The interest rate is the amount a lender charges a borrower and is a percentage of the principal.

**Simple example:** If a friend loans you 10$ at a 10% interest rate, you will pay them back 11$. That’s the 10$ you borrowed plus an extra 1$ (10% of 10$) as interest. Central banks and banks have more complicated ways of calculating this, but that’s the general idea.

## Understanding Interest Rate

Interest rates are essentially the cost of borrowing money and applied to the principal of the loan, which is the total amount of the loan at the beginning of the loan period. When a person, bank or other financial institution loans out money, they usually expect to be compensated for the loss of the money over the period of the loan. That’s because they could use that money for something else, like making purchases of their own or investing it in order to make more money. That compensation is called interest and the interest rate is how much is due per period of the loan. The lender and the borrower agree on a percentage fee, usually on an annual basis, that’s called the annual percentage rate(APR). If a borrower is considered high risk like, for example, if they have poor credit rating then the interest rate may be higher than it would be for a lower risk borrower.

*Important:** Risk is typically assessed when a lender looks at a potential borrower’s credit score, which is why it’s important to have an excellent one if you want to qualify for the best loans.*

**Applications of İnterest Rates**

Interest rates apply to a range of common financial instruments. These are:

- Mortgage rates
- Car loans
- Business loans
- Personal loans
- Certificates of deposit
- Credit cards
- Student loans

Each financial instrument and each agreement with the bank or other lender will have its own interest rate.

## Types of Interest

There are two types of interest rates. Simple and Compound.

### 1. Simple interest

Simple interest is paid exclusively based on the principal amount.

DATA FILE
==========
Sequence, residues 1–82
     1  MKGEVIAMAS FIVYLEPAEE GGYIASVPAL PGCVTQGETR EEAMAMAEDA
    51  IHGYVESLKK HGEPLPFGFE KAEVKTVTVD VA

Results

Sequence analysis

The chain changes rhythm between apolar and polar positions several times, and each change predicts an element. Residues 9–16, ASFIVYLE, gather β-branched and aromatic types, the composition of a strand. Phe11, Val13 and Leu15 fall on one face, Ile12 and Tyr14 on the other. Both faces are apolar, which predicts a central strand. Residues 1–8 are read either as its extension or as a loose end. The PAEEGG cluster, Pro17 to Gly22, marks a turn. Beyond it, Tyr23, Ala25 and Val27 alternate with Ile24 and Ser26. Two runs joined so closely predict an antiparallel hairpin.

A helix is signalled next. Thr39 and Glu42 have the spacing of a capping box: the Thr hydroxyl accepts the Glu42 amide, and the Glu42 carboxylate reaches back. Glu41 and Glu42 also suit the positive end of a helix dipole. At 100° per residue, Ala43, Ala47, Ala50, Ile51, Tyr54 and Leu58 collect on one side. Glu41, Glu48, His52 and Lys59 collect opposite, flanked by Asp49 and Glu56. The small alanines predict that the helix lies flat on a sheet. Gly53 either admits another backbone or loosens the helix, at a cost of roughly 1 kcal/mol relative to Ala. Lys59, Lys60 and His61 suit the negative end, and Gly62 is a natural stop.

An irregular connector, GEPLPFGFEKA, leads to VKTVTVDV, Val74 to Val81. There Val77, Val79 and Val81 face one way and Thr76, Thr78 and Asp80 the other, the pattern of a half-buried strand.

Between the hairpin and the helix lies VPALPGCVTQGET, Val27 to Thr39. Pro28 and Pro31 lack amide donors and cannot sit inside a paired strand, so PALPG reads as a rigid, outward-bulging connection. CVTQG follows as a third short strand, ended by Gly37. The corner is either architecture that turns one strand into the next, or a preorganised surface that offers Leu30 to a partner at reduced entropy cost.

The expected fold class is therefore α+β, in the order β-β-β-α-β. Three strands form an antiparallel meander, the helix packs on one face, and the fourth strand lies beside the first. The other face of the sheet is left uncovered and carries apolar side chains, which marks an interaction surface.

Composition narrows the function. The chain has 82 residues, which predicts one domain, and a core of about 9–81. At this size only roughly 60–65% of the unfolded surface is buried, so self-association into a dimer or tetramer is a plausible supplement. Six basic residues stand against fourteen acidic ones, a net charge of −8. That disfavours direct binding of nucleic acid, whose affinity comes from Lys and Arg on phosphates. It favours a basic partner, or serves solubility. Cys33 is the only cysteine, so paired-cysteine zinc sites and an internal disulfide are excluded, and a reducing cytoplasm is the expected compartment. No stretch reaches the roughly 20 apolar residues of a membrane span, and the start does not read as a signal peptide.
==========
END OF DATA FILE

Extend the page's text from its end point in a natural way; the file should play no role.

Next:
For example, if you took out a loan of $100,000 at the 4% interest rate over five years, the calculation would look like this: ($100,000 x .04) x 5 = $20,000. That means the borrower would owe $25000 in interest over the five year loan period.

Student loans and mortgages for homes often offer simple interest loans.

### 2. Compound interest

Compound interest is interest paid not only on the principal but also on interest from the previous pay period. So each month, the borrower is paying interest on the principal plus interest of the previous month, the principal plus interest on the month before that and on until the beginning of the loan period.

The formula for compound interest is: Principal x [(1 + interest rate)n-1]

In this calculation, ‘n’ is the number of compounding periods.

**Nominal interest:** The nominal interest rate doesn’t take inflation into account. That means you’ll be paying the same amount on a loan over the life of the loan, regardless of inflation. Nominal interest can also refer to the interest on a loan before any fees or compounding interest or to the interest rate set by the Central Bank.

**Real İnterest:** The real interest rate does take inflation into account. It is adjusted with inflation and they are calculated by subtracting the expected or actual inflation rate from the nominal interest rate. This gives lending institutions an understanding of their spending power over time.

**Variable Interest:** Variable interest depends on the market. As the market interest rates go up and down, so too does the interest rate on a loan. Variable interest rates are often used on credit cards, mortgages and loans.

**Tiered Interest:** With a tiered interest rate, the interest on a savings or checking account gets higher as the amount of money in the account increases.

**Long term interest rates:** Long term interest rates apply to government bonds that mature in ten years.

## How are interest rates determined?

The interest rate charged by banks is determined by a number of factors, such as the state of the economy. A country’s central bank(e.g., the Federal Reserve in the U.S) sets the interest rate, which each bank uses to determine the APR range they offer. When the central bank sets interest rates at a high level, the cost of debt rises. When the cost of debt is high, it discourages people from borrowing and slows consumer demand. Also, interest rates tend to rise with inflation.